FredMemberPtr array[3] = { &Fred::f, &Fred::g, &Fred::h };

                                                                          To call one of the nonstatic member functions, supply a Fred object, and use the .* operator.

                                                                           int main()
                                                                             Fred x;
                                                                             for (int i = 0; i < 3; ++i) {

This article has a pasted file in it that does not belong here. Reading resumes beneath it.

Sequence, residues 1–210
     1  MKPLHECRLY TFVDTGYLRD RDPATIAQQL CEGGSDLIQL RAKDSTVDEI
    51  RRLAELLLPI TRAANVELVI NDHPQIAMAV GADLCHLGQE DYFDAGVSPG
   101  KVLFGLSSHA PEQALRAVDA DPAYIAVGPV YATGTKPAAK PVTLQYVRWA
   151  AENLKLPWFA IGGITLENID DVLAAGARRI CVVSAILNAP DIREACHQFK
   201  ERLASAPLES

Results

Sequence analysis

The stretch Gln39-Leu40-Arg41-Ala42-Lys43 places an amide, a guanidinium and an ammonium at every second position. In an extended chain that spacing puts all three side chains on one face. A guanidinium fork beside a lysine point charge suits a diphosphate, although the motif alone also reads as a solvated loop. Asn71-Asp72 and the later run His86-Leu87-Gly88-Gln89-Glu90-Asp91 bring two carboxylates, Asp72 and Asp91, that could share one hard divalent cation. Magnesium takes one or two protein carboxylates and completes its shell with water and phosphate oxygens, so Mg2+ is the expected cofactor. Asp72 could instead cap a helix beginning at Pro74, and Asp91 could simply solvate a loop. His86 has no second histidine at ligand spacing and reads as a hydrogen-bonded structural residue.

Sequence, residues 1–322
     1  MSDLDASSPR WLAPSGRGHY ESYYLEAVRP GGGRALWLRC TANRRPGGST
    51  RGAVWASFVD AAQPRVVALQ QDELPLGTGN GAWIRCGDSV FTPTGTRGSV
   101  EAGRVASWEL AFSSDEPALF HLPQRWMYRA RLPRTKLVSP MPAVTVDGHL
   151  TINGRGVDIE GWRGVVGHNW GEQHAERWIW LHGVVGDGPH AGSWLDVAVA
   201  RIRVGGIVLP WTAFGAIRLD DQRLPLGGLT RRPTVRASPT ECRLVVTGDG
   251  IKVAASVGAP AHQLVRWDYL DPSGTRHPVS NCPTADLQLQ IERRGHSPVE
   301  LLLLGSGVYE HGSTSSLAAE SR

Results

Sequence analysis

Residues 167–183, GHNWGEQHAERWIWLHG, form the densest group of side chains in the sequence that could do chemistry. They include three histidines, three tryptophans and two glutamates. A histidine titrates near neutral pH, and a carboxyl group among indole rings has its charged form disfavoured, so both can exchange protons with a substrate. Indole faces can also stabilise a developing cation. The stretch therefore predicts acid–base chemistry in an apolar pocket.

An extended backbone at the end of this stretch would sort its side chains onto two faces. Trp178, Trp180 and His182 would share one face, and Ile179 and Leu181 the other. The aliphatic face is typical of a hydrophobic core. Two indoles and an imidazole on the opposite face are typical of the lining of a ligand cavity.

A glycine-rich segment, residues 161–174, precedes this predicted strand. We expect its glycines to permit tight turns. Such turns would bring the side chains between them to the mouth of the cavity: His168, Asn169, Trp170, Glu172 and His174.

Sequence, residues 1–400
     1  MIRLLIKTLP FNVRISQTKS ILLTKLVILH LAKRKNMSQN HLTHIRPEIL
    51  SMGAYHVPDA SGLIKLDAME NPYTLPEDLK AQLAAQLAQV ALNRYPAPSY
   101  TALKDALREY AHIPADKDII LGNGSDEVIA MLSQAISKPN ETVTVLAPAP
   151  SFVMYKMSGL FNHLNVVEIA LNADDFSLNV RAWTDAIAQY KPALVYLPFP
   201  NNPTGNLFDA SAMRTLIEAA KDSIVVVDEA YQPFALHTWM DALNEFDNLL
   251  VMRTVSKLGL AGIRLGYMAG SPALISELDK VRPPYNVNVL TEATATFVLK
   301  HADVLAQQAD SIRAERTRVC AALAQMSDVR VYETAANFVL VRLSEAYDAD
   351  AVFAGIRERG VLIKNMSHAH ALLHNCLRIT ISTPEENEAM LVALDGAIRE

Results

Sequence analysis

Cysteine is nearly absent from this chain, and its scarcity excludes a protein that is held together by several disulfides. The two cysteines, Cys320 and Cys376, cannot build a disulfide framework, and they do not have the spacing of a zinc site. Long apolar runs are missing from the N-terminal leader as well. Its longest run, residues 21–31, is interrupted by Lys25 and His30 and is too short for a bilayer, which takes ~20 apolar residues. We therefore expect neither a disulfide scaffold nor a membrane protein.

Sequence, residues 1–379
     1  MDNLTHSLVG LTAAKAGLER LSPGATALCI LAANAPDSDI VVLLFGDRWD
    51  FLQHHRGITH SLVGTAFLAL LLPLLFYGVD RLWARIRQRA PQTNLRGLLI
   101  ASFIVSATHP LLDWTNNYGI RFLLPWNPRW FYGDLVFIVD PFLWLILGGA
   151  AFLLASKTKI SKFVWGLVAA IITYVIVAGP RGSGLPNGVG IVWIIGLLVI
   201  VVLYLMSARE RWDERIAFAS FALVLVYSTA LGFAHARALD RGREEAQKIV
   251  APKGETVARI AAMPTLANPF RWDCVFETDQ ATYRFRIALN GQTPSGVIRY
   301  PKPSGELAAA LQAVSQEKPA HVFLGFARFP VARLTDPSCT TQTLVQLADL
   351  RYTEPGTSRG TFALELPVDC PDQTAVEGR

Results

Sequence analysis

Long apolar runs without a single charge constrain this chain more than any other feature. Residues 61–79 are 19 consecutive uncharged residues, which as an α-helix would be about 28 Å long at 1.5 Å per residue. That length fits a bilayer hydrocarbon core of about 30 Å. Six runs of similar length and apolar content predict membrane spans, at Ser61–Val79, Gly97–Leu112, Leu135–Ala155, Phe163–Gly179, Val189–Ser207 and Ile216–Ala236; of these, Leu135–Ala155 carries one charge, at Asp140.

FredMemberPtr p = array[i];
                                                                               (x.*p)(42 + i);

                                                                          The output of this program is as follows.

                                                                           Fred::f(int); i=42
                                                                           Fred::g(int); i=43
                                                                           Fred::h(int); i=44